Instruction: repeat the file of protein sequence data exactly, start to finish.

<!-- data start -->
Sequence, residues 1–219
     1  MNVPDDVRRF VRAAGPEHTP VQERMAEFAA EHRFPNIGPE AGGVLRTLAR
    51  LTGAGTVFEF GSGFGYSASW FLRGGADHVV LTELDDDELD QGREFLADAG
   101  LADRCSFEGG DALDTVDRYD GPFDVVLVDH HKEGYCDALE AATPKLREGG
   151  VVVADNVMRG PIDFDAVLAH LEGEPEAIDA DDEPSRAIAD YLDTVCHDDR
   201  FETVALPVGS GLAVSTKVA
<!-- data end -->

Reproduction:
Sequence, residues 1–219
     1  MNVPDDVRRF VRAAGPEHTP VQERMAEFAA EHRFPNIGPE AGGVLRTLAR
    51  LTGAGTVFEF GSGFGYSASW FLRGGADHVV LTELDDDELD QGREFLADAG
   101  LADRCSFEGG DALDTVDRYD GPFDVVLVDH HKEGYCDALE AATPKLREGG
   151  VVVADNVMRG PIDFDAVLAH LEGEPEAIDA DDEPSRAIAD YLDTVCHDDR
   201  FETVALPVGS GLAVSTKVA